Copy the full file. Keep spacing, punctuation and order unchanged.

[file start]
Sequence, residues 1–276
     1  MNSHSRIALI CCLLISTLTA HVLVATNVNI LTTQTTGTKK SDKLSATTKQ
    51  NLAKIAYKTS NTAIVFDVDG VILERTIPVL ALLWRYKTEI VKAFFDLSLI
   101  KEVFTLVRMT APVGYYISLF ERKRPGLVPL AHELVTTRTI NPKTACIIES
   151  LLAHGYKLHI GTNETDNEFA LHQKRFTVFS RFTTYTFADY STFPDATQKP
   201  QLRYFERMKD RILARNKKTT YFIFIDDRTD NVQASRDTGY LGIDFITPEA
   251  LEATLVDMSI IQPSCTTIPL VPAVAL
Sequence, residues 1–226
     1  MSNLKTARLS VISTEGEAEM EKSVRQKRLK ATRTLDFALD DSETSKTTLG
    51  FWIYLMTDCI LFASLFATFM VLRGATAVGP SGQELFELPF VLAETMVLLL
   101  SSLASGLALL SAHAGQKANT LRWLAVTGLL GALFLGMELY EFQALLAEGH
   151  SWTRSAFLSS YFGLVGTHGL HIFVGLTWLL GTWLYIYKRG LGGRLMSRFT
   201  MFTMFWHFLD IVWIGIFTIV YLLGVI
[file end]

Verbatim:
Sequence, residues 1–276
     1  MNSHSRIALI CCLLISTLTA HVLVATNVNI LTTQTTGTKK SDKLSATTKQ
    51  NLAKIAYKTS NTAIVFDVDG VILERTIPVL ALLWRYKTEI VKAFFDLSLI
   101  KEVFTLVRMT APVGYYISLF ERKRPGLVPL AHELVTTRTI NPKTACIIES
   151  LLAHGYKLHI GTNETDNEFA LHQKRFTVFS RFTTYTFADY STFPDATQKP
   201  QLRYFERMKD RILARNKKTT YFIFIDDRTD NVQASRDTGY LGIDFITPEA
   251  LEATLVDMSI IQPSCTTIPL VPAVAL
Sequence, residues 1–226
     1  MSNLKTARLS VISTEGEAEM EKSVRQKRLK ATRTLDFALD DSETSKTTLG
    51  FWIYLMTDCI LFASLFATFM VLRGATAVGP SGQELFELPF VLAETMVLLL
   101  SSLASGLALL SAHAGQKANT LRWLAVTGLL GALFLGMELY EFQALLAEGH
   151  SWTRSAFLSS YFGLVGTHGL HIFVGLTWLL GTWLYIYKRG LGGRLMSRFT
   201  MFTMFWHFLD IVWIGIFTIV YLLGVI